By Antonio Olivo April 16, 2017
Ever since plans for a streetcar along Northern Virginia’s Columbia Pike died in 2014, an effort to revitalize the struggling Baileys Crossroads area in Fairfax County has been marked by frustration.
The latest headache: A group of homeless men began squatting in two vacant houses that are part of an idle project for a new shopping center off Leesburg Pike, aggravating neighbors who see their community of roughly 26,000 residents succumbing to crime and other problems instead of the promised improvements that would make Baileys Crossroads a walkable urban center like nearby Shirlington.
“I drove back into my yard one day and I saw somebody’s butt hanging out of the window,” said Nick Ferk, 66, describing a recent party he witnessed inside one of the empty houses that sits next to the home he has owned since 1979. “I said, ‘Well, this isn’t right.’ I’m so disappointed in the county.”
Fairfax County officials say the two houses and an adjacent storefront building that is also vacant are slated to be demolished within the next few weeks after dozens of calls to police about loitering and vagrancy.
A project approved in January 2016 to build a shopping plaza with a drive-through pharmacy at the site experienced a series of delays but is now scheduled to begin construction in May, said Peter Batten, a principal for the site’s developer, Spectrum Development.
“We’ve boarded up all the buildings and secured the buildings,” said Batten, whose company acquired the two houses in February. “We took it seriously and jumped on it quickly.”
Overall, the effort to revitalize the traffic-clogged area of strip malls, apartment complexes and brick rambler homes where Columbia and Leesburg pikes intersect has foundered since Arlington County decided against moving forward with the streetcar project amid controversy over its $550 million price tag, Fairfax officials say. The loss of the streetcar derailed an effort to revive the Skyline office tower complex, once an economic hub where restaurants and shops catered to the federal employees and government contractors who worked at the 2.6 million-square-foot site.
The complex, which was to be a streetcar destination, went into foreclosure after federal sequestration cuts emptied half the offices. It was sold in a December auction for $200 million, with no current plans for redevelopment, according to county officials.
On Columbia Pike, a project to build townhouses and apartment buildings died last year when the company behind the project — Avalon Bay Communities — pulled out after facing local opposition and several years of bureaucratic delays. “Eventually, it got to the point where there were other investment opportunities that were more compelling,” said Matt Birenbaum, chief investment officer for Avalon Bay.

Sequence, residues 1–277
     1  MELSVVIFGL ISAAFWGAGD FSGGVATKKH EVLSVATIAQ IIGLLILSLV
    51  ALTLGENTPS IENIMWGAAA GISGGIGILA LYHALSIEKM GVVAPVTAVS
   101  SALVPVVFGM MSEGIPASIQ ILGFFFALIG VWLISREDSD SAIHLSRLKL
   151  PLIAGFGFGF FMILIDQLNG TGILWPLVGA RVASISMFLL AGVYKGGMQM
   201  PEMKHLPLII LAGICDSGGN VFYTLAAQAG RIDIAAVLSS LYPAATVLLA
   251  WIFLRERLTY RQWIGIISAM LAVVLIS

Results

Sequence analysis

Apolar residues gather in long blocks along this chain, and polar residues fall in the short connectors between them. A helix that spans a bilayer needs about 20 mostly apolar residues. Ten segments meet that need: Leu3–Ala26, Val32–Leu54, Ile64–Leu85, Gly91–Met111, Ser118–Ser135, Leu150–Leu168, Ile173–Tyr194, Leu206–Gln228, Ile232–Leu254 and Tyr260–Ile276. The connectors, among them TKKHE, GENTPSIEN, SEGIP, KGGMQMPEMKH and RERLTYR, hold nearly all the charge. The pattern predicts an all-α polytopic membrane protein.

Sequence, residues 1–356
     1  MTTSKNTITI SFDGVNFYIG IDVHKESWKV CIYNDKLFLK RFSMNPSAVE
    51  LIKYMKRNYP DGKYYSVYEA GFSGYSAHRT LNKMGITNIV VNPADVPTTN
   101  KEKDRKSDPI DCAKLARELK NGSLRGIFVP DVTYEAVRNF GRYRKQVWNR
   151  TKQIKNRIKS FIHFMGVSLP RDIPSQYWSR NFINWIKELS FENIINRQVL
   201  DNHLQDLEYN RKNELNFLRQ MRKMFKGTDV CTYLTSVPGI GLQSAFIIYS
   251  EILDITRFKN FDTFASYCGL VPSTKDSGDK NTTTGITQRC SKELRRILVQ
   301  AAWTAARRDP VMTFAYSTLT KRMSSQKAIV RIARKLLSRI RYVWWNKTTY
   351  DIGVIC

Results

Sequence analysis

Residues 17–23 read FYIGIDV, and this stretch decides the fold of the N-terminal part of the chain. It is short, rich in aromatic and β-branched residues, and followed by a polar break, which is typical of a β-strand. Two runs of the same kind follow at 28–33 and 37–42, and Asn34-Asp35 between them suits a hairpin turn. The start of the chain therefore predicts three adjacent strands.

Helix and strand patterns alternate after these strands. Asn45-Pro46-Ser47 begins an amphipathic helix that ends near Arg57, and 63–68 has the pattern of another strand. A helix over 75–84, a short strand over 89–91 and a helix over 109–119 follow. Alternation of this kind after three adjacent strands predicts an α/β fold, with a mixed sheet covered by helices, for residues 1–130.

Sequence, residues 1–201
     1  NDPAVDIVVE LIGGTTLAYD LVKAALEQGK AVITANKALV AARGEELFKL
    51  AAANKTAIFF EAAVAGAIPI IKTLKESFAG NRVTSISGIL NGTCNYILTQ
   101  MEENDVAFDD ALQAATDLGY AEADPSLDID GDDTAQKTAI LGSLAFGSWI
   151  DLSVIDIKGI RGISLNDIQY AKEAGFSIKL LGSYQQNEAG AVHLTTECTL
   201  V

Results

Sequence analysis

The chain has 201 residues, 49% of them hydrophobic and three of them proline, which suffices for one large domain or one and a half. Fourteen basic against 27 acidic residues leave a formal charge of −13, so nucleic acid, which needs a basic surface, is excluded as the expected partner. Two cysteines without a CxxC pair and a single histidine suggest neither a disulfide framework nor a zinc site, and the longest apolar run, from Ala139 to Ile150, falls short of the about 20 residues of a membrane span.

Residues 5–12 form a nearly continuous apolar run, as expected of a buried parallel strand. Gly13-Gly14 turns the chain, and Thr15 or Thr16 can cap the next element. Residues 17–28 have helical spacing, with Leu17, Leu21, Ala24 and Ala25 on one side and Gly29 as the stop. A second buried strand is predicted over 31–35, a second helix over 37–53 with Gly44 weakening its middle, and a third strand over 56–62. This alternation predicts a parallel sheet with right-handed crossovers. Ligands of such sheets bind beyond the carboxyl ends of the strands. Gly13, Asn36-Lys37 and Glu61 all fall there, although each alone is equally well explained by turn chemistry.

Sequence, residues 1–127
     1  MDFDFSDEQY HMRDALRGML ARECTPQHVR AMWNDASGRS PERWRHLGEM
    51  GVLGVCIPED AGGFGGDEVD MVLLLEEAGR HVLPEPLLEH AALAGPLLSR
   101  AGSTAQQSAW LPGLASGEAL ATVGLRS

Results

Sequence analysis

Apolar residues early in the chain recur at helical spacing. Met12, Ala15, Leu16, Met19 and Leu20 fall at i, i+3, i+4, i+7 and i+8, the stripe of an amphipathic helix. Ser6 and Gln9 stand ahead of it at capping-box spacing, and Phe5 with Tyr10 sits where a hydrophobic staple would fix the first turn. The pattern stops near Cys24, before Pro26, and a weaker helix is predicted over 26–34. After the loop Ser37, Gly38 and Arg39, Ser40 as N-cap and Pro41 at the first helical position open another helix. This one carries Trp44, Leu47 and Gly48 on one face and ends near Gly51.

The property’s owner, the Weissburg Co., is looking for a new developer, according to the county, which is considering a rezoning application that would allow multifamily residential development.
Fairfax Supervisor Penelope A. Gross (D-Mason), whose district includes Baileys Crossroads, said finding developers for the area without the lure of a streetcar “is not an easy job.”
Fairfax has targeted the area for revitalization since the mid-1980s — over the years widening roads, building sidewalks and removing a garbage dump.
The area is now partially included in a comprehensive plan adopted by the Board of Supervisors in 2015 that focuses mainly on the Seven Corners community about 2½ miles away. The plan calls for three villages to be built around a new street grid over the next 40 years, with restaurants, shops and several thousand homes.
Gross said Baileys Crossroads still has appeal; she pointed to a pending project to build 157 flexible live-work units — or “e-lofts” — inside a vacant office building on Columbia Pike as proof of its allure for young professionals.
Plans by the Northern Virginia Transportation Commission to bring rapid bus transit to a portion of Leesburg Pike that includes Baileys Crossroads could spark more interest, county officials say, but road-widening needed for that is at least 20 years away.
“Revitalization does take longer,” Gross said. “It’s a lot more expensive than starting from scratch.”
Critics say the county’s vision for Baileys Crossroads weakened after the streetcar plans fell through.
Alison Oleson, a member of the board of the Baileys Crossroads/Seven Corners Revitalization Corp., said her community group, serving as a first rung for development, reviews a hodgepodge of proposals for Baileys Crossroads, many of them unviable.
“We’re not getting anybody saying, ‘Let’s make this area the next Springfield or the next Mosaic,’ ” Oleson said, referring to two recently revived neighborhoods in the county. “We’re not seeing any of those kinds of projects come forward.”
She blames a concentration of poverty in Baileys Crossroads, coupled with recent news reports about gang activity and other crime.
The homeless men inside the vacant houses reinforced worries that the area is veering in the wrong direction, she said.
“That scares away revitalization efforts, and it affects our housing values around there,” Oleson said.
Wayne Valis, 72, has lived in Baileys Crossroads since he was a boy, when it was rural farmland. Lately, his childhood memories have been eclipsed by concerns about traffic and his family’s safety.
One night, Valis and his wife, Angela, were returning home when a group of men they’d seen near the vacant houses stepped into their car’s path, stopping them briefly before allowing them to pass, he said.
“It’s been very discouraging,” Valis said, lamenting a lack of excitement in his aging community. “There’s nothing like in Shirlington, where you can go and walk around or there are little parklike areas or places to sit outside. It’s just strip malls and sprawl.”